more pixels are better!

Started Dec 14, 2008 | Discussions thread
bobn2 Forum Pro • Posts: 72,009
Re: Arguing against photography

Iliah Borg wrote:

He is in fact arguing not against me, but against photographic use of
the image. Not an isolated attempt to isolate an issue or a parameter
to the point where it become totally irrelevant. Can't see forest for
a tree.

Deep and widening gap between photography practice (and photography
needs) and pixel peeping is very discouraging. Noise is one of the
parameters that are easiest to measure, may be even the easiest one
given current level of expertise of the peepers. Now that
calibrationists can't even make a decent shot of a brick wall to
compare resolution (and even less so - a decent shot of a decent
resolution target) all we hear is noise. Noise, dynamic range,
headroom in highlights is mostly all that we have here, and I'm yet
to see any dissertation comparing current status of raw converters
even in that regards, because needs for the output is totally
ignored. Quality of midtones - they are not interested to find ways
to describe and measure it. Plasticity of the image? - no. Same,
colour is ignored. Same, artefacts, like moire, maze, are not
evaluated. And even when they are discussing their pet peeve, noise,
very little practical advice can be gathered from those boring
discussions. Practical value of such discussions is dangerously close
to a zero.

That is the nature of the review industry as a whole, cameras or any other commodity. If I read a review of a motor cycle, it will tell me how much power it puts out, how fast it accelerates, how long it takes to stop,everything that is easily quantified. It doesn't tell me anything about the riding experience, which is subjective and endlessly debatable. Anyone with any sense will use the quantitative measure to help draw up a shortlist, and then make the final selection by testing each themselves, and reputable dealers will let you test both cameras and motorcycles to help along your decision. People who don't have access to such a dealer or don't want to pay the inevitable price premium will substitute personal experience for the proffered 'expert' view of the reviewer.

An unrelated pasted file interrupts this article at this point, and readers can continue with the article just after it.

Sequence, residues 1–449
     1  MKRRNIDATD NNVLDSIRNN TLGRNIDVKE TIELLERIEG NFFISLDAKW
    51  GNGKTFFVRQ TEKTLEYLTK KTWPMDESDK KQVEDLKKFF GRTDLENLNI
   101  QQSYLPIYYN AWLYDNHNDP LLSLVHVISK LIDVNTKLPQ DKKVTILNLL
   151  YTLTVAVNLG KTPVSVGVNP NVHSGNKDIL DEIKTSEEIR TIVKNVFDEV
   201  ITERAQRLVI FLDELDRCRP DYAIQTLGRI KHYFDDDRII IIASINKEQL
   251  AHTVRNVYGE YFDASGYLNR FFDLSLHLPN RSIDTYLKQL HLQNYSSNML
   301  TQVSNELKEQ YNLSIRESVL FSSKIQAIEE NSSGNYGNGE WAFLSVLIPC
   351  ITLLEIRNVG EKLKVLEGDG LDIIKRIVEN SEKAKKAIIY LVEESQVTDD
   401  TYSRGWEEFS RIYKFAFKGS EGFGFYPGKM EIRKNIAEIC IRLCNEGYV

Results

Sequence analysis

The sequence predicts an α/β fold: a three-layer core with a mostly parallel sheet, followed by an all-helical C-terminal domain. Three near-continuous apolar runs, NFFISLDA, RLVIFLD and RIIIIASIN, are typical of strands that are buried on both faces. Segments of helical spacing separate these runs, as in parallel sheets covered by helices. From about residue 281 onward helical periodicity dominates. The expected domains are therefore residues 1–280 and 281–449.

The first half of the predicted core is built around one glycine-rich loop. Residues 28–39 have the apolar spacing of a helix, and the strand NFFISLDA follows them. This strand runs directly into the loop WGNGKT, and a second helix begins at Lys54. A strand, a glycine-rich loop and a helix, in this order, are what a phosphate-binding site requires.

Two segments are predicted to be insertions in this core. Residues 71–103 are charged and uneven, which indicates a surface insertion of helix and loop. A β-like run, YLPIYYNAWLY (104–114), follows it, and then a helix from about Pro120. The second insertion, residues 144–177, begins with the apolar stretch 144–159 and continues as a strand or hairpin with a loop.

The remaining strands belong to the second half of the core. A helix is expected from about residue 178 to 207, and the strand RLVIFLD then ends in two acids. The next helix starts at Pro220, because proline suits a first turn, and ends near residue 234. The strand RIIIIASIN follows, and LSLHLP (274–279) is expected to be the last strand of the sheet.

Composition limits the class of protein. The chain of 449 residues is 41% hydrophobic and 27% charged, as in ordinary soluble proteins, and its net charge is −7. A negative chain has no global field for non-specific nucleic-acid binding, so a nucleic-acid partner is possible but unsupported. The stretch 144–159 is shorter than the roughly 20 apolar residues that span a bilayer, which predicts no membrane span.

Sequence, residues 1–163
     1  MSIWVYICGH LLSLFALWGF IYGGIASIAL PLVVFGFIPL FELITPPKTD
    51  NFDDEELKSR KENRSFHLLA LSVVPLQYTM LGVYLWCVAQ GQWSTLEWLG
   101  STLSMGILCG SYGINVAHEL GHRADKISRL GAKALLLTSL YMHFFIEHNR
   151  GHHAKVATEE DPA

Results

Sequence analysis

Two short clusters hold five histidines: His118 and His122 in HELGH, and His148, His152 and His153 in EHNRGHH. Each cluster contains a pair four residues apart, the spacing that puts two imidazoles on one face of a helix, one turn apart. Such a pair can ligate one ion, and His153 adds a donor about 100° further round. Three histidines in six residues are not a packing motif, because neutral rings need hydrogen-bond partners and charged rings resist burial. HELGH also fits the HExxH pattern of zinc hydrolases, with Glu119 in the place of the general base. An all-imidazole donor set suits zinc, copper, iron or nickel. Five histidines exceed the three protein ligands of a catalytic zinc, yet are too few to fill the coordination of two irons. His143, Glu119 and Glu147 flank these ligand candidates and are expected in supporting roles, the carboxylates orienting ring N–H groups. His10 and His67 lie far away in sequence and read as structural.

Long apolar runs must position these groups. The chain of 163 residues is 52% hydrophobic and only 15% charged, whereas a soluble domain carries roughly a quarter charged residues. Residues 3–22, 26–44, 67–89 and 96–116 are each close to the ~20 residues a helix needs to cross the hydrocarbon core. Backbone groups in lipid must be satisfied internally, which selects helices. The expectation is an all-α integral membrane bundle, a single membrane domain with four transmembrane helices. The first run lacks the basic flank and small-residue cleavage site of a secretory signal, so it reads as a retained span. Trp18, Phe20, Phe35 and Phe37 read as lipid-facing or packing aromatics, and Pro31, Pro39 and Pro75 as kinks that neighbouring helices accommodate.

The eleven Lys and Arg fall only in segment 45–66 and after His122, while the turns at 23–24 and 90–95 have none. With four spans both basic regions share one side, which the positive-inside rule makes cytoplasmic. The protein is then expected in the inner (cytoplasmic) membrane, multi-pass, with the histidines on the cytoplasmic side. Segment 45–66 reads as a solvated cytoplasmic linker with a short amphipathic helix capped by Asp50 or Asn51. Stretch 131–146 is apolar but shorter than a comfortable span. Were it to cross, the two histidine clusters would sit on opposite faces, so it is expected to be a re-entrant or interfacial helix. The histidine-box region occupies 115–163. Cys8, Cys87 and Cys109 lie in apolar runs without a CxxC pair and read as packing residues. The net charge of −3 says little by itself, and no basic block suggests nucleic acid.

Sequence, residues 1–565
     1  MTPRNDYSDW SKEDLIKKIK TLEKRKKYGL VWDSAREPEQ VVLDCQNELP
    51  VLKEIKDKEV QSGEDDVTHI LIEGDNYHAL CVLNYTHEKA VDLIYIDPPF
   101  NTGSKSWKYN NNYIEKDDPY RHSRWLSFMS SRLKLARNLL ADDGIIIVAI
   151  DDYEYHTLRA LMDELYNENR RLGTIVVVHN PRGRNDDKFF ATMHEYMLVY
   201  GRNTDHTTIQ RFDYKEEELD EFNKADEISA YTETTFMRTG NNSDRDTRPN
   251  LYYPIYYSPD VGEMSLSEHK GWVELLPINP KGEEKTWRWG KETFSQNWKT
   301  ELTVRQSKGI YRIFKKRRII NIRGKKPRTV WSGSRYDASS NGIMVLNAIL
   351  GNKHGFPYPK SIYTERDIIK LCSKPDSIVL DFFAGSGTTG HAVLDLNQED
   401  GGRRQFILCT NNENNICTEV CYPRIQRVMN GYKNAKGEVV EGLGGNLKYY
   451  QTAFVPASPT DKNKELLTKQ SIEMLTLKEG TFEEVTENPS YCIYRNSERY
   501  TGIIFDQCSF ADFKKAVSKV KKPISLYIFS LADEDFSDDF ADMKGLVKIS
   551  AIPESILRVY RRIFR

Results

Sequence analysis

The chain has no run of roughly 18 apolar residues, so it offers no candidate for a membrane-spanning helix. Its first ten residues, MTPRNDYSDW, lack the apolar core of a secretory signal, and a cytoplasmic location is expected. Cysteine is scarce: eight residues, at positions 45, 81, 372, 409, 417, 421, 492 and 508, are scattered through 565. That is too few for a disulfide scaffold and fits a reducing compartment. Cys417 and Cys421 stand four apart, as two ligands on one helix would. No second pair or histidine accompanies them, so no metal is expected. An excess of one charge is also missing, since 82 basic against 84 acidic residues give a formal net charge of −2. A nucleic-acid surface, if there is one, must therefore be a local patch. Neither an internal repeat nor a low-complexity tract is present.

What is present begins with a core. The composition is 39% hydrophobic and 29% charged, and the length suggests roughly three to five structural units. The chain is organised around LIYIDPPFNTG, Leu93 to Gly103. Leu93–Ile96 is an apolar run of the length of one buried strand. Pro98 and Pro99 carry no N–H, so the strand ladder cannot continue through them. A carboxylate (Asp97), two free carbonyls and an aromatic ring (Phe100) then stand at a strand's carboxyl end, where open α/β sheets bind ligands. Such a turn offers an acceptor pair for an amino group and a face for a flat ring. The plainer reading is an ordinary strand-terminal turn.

Where the problem comes is when these 'experts' start proffering views which are in contradiction to the science and the evidence, for instance if motorcycle reviewers suggested that making the brake pads out of cheese improved 'stopping quality', even though it was obvious that measured stopping distance was far worse. This happened in high end audio, where the reviewers started suggesting that the measurements were meaningless, and only their ears could determine good sound quality and I would contend that it is beginning to happen in photography also, with DPR being amongst the prime culprits (although their approach is more subtle, they selectively present bogus measurements to support their subjective opinions - leading the naive to believe that they are just choosing between alternative sciences).

So, while I fully support your contention that there is much, much, more to it than just the theory and easily quantified parameters of image quality, that theory and those parameters do form the baseline from which more subjective evaluation must build. In particular, if the subjective evaluation appears to tell you something different from the quantitative evaluation, you need to be fully cognisant of its subjectivity before extending it to a sweeping generalisation.

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